EXAMPLES FROM THE WEB FOR HOLD OUT
There's a report to-day that —— cannot hold out much longer.
You have to begin with 'em early, and begin as you mean to hold out.
If your father'd just had the gumption to hold out, they'd have had to pay him anything he asked.
And you feel positive that there is enough of this mineral to hold out for some time?'
She saw the girl at the gate spring forward and hold out her hands.
The few Russians still left on 419 could not hold out after the loss of 412.
Possibly the Germans had begun to doubt how long Liege could hold out.
On hearing this, Christine could hold out no longer, but burst into laughter.
Her gay smile had come back; she was the first to hold out her hand.
Remains to be seen which can hold out longest—they without us, or we without them.
Old English haldan (Anglian), healdan (West Saxon), "to contain, grasp; retain; foster, cherish," class VII strong verb (past tense heold, past participle healden), from Proto-Germanic *haldanan (cf. Old Saxon haldan, Old Frisian halda, Old Norse halda, Dutch houden, German halten "to hold," Gothic haldan "to tend"), originally "to keep, tend, watch over" (as cattle), later "to have." Ancestral sense is preserved in behold. The original past participle holden was replaced by held beginning 16c., but survives in some legal jargon and in beholden.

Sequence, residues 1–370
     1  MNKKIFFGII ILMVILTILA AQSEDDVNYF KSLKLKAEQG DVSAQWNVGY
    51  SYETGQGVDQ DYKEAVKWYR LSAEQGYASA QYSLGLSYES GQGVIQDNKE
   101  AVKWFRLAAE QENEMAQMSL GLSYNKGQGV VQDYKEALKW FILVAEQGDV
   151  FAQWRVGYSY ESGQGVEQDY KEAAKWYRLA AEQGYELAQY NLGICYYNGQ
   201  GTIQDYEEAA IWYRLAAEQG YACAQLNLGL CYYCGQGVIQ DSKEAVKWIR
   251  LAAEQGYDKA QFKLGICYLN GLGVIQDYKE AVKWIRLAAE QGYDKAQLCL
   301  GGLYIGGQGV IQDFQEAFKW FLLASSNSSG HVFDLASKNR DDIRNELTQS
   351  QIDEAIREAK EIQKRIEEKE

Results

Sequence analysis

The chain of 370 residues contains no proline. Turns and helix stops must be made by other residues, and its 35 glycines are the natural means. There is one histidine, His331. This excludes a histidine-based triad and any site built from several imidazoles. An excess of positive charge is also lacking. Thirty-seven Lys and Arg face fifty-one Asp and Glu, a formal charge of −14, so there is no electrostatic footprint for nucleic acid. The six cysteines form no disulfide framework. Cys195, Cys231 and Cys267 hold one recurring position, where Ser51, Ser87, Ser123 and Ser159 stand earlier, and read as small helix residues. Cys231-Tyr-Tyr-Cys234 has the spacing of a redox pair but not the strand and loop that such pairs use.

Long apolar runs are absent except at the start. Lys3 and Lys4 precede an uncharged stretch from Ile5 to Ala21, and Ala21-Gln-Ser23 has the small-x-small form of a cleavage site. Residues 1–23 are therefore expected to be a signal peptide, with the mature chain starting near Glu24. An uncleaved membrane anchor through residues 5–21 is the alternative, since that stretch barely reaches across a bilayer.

Hold back is 1530s, transitive; 1570s, intransitive; hold off is early 15c., transitive; c.1600, intransitive; hold out is 1520s as "to stretch forth," 1580s as "to resist pressure." Hold on is early 13c. as "to maintain one’s course," 1830 as "to keep one’s grip on something," 1846 as an order to wait or stop. To hold (one's) tongue "be silent" is from c.1300. To hold (one's) own is from early 14c. To hold (someone's) hand "give moral support" is from 1935. Phrase hold your horses "be patient" is from 1844. To have and to hold have been paired alliteratively since at least c.1200, originally of marriage but also of real estate.